Worksop Town FC Junior Section | SNAP Sponsorship | Sports Sponsorship

Worksop Town FC Junior Section

Why Worksop Town FC Junior Section

Increased brand awareness, raising the profile of your business in our community
Engage with our members and capitalise on our digital following of over 22k followers
Remove economic barriers making sport affordable, accessible and inclusive for all
Worksop Town FC Junior Section Default location
Sandy Lane
Nottingham Nottinghamshire S80 1TJ
United Kingdom
Nottinghamshire GB

About us:

Worksop Town FC

Hello and welcome to the official SNAP Sponsorship profile of Worksop Town FC.

We're delighted to announce that we’ve now partnered with SNAP Sponsorship and we’re looking for sponsors who are excited about affiliating themselves with a successful grassroots football club in Nottingham. We’re a community club with a long history and big ambitions.

We strive to craft a partnership with our sponsors that meets their specific objectives, whether that be community gifting, social responsibility (CSR), direct sales or brand building.

Whatever your motivation, find out more below. Thank you for visiting our profile.

Why Sponsor Us?

In order to survive and to continually improve our facilities for the local community, the club relies on sponsorship from local businesses – and this is where we would like to work alongside you. We're keen to find sponsors for our Junior section, to ensure football remains inclusive for all children and to help develop our football players of the future.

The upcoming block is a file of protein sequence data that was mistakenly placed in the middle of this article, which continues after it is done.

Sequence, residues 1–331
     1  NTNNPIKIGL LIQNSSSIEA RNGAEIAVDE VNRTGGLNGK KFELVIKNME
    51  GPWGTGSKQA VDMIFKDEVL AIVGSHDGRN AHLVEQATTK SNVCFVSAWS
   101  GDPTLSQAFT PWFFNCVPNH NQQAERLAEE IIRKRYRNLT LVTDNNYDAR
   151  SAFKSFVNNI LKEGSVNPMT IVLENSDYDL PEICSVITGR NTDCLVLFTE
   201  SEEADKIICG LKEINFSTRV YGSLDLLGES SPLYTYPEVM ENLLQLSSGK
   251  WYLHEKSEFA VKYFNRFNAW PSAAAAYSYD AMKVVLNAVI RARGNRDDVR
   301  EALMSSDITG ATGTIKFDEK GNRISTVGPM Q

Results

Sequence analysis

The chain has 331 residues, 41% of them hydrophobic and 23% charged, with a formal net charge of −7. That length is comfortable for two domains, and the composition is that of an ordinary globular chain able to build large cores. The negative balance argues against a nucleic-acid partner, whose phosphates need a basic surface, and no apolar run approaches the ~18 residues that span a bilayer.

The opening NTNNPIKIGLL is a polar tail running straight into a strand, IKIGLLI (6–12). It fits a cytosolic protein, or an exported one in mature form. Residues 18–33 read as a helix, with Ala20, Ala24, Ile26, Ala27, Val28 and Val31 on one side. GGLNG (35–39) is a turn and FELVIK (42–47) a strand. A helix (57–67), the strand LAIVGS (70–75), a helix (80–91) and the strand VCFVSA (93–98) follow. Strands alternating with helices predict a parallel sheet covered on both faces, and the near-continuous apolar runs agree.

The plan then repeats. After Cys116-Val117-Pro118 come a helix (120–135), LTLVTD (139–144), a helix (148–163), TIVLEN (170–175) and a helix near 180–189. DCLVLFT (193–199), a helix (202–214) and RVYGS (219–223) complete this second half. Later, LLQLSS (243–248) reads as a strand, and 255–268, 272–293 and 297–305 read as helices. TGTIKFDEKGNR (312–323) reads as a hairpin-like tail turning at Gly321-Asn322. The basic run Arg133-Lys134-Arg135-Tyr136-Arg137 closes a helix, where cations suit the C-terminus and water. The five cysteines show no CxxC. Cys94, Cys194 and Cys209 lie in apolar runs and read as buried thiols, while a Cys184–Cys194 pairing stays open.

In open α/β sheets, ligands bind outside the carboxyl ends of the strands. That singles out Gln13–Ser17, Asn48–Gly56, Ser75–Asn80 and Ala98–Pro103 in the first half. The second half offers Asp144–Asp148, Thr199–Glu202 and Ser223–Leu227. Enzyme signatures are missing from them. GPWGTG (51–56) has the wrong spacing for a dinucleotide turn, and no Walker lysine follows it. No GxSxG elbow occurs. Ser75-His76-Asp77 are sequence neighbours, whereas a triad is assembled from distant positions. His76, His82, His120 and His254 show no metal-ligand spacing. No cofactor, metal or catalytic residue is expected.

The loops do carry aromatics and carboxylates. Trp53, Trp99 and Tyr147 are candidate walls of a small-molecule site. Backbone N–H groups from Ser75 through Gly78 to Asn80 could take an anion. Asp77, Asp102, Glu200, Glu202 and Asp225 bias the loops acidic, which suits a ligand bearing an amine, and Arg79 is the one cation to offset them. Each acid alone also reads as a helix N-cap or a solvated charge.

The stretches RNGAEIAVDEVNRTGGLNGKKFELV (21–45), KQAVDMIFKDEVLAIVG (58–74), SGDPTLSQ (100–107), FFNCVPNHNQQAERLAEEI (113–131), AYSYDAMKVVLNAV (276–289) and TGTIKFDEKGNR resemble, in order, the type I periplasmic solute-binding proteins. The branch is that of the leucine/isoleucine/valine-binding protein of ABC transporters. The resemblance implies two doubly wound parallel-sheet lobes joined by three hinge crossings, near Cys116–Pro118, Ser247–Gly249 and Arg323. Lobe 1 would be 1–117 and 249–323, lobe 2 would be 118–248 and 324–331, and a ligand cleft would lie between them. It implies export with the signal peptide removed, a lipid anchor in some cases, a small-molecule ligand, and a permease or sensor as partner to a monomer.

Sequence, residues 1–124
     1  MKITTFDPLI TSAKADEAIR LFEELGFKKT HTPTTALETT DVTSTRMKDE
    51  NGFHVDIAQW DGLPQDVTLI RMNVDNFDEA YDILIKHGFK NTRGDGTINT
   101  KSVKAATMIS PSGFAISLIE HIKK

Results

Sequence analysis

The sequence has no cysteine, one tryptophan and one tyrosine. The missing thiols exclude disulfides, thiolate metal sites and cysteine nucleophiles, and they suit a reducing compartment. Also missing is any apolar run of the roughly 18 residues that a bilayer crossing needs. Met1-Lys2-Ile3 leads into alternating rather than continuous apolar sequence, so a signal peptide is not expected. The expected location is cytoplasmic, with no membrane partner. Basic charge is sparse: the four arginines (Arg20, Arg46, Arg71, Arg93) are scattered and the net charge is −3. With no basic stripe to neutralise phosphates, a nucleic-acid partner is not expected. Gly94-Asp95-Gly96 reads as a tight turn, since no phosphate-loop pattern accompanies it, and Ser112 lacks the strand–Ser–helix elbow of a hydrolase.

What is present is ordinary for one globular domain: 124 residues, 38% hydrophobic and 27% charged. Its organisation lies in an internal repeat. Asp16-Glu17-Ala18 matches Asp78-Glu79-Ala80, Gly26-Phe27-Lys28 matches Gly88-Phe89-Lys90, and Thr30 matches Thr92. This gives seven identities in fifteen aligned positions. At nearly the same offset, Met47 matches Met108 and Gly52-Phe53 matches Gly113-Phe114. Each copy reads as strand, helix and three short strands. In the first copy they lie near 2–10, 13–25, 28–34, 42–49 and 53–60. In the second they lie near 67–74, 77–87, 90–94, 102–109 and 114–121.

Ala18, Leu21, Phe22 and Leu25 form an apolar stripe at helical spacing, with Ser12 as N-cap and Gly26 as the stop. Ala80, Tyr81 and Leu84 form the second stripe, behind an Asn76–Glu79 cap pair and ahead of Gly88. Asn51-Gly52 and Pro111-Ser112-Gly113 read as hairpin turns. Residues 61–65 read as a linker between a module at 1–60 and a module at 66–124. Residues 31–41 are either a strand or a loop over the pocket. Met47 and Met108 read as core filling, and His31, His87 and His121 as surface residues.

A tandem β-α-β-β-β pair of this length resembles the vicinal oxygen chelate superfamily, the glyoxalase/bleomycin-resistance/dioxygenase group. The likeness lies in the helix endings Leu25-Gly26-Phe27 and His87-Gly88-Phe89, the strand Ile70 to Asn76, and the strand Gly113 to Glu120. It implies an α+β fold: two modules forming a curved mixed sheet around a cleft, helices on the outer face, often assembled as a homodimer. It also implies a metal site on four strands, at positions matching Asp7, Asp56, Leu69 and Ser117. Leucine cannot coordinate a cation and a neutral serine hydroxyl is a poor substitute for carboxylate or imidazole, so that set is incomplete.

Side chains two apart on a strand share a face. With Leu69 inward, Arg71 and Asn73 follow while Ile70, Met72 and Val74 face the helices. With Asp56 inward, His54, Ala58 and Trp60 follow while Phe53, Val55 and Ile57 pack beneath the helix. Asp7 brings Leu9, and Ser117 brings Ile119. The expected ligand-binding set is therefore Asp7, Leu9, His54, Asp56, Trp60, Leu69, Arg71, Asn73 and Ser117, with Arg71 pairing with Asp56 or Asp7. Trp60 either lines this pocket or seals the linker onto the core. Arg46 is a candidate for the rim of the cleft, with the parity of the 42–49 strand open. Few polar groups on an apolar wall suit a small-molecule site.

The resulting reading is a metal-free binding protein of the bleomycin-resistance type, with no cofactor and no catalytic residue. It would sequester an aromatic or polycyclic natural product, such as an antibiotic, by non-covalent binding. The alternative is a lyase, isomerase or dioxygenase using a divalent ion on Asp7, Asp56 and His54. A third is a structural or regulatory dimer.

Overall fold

Increased brand awareness, raising the profile of your business in our community

Do you want to raise the profile of your business or organisation? Worksop Town FC is keen to develop new relationships with businesses who can offer beneficial products and services to our local community.

Sponsoring us will raise the profile of your business and benefit you in the following ways: 

  • Exposure to hundreds in the area and players and their families from visiting teams 
  • Publicity in local papers 
  • Increased brand awareness on our website and social media accounts
  • You'll be helping to develop football players of the future
  • Satisfaction from giving back to the community 
  • You’re supporting a much-needed local amenity which brings enjoyment to many. 

All revenue raised is returned to the club to improve facilities for our players and spectators who love football.

Engage with our many members and capitalise on our extensive social media following

Worksop Town FC is in the heart of community with links to a massive audience base. In addition to our large membership of over 300 members and our extensive supporter network; Worksop Town FC has a vast digital following of over 22k followers!

As a club, we understand the importance and power of using the internet and social media to increase our reach and we therefore use our website, Twitter, Facebook, Instagram and YouTube to promote our club, fixtures and sponsors to all of our supporters and beyond!